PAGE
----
Chafin said he requested a trio of hearings with the Public Service Commission after he heard horror stories of outrageous power bills in the aftermath of the Dec. 18, 2009, storm which left 220,000 people without power for several days.
A public hearing before the PSC was held earlier this week in Clarksburg and another will be held in Iaeger, tonight. The meetings come at a time when Appalachian Power is asking for another rate increase after getting one in November 2009.
Chafin said he became very upset when he spoke with repairmen from other states who were sent to the coalfields to help restore power and he asked about the "unacceptable" conditions which led to the outages, which left people without service and caused some to lose their frozen and refrigerated food or get sick and wind up hospitalized due to lack of heat.
"It was a horrible thing," Chafin said adding that while power company execs were quick to blame the incident as "an act of God", power workers candidly told him it was an act of negligence due to lack of proper, required maintenance.
Chafin said line repairmen said the situation was "an accident waiting to happen" due to so many trees which were grown up and through power lines and noted that many of the power poles were old and dry rotted.
Chafin said that when he looked into the matter, he found there was a federal ruling stating the power company is required to keep trees and vegetation cleared from power lines and transformers.
"Somebody is not doing their job," Chafin said, noting that five years ago AEP had more employees on the payroll to keep vegetation cleared than it did now and that the utility company had "failed to maintain their lines" — which led to the lengthy power outages.
"Why did you have to have all those people come in from Tennessee and Georgia," Chafin asked. Chafin said the high power bills in January and February — which, in some cases, were double and triple the amount than bills from previous years — amounted to an insult on top of injury.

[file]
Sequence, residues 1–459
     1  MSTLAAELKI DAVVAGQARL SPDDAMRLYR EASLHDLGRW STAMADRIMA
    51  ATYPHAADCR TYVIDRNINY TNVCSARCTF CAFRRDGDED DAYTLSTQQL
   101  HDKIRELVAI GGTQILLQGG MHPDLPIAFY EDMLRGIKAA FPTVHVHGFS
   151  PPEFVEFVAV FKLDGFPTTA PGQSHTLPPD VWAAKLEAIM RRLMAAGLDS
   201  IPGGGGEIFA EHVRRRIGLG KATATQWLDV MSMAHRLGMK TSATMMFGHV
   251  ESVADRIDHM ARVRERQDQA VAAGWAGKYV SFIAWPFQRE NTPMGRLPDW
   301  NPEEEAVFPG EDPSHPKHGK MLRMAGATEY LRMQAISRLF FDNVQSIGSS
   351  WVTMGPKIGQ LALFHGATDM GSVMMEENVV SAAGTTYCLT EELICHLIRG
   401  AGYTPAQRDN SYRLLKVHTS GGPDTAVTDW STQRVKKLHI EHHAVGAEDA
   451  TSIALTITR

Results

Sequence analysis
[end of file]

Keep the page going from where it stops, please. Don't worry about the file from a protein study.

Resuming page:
"Our people can't stand the kind of bills that are coming in," he said noting that most people believe they are being charged for the repairs made after so much damage was done by the heavy snowfall.
"Are we going to let them pass that $70 million (repair bill) along," Chafin asked.
Chafin noted the high salaries of AEP officials over the past few years and questioned how much of those executive bonuses were rewards for cutting back on the needed maintenance and upkeep of services.
"I was astounded," he said of the AEP executive pay, noting that from 2004-2008 chairman Michael Morris alone received tens of millions of dollars.
Chafin noted that in 2004, Morris received a salary of $1.2 million and a $1.2 million bonus with $9 million in stock options for a total of $12 million that year.
"I had to get this information under a Freedom of Information act request," Chafin said, adding that, in 2005, Morris received $4.2 million and $14 million in 2006.
"Where does that money come from?" Chafin asked. "This is a monopoly."
Chafin said another executive made $10 million in the past five years and another got $8.7 million. He then went down a list of other AEP vice president salaries from 2004-2009. The lowest listed salary was more than $1 million and the total salaries were in excess of $103 million for the execs.
"It leaves you speechless?" Chafin said noting that linemen had to do dangerous repair work in deplorable freezing conditions so their bosses could reap titanic benefits.
Chafin said many customers are afraid they will lose electrical service again because they cannot pay the high bills the power company has been sending out since the Dec. 18 snow.
"This looks like hell for people on a fixed income," Chafin said of the poor and elderly who often had to choose between purchasing medication or electrical service.
"This monopoly has to be brought under control. Don't let them take these kind of salaries home and ask for a rate increase."
Of the claimed $70 million repair bill, Chafin said Morris could pay that out of pocket and have plenty of money left over for himself.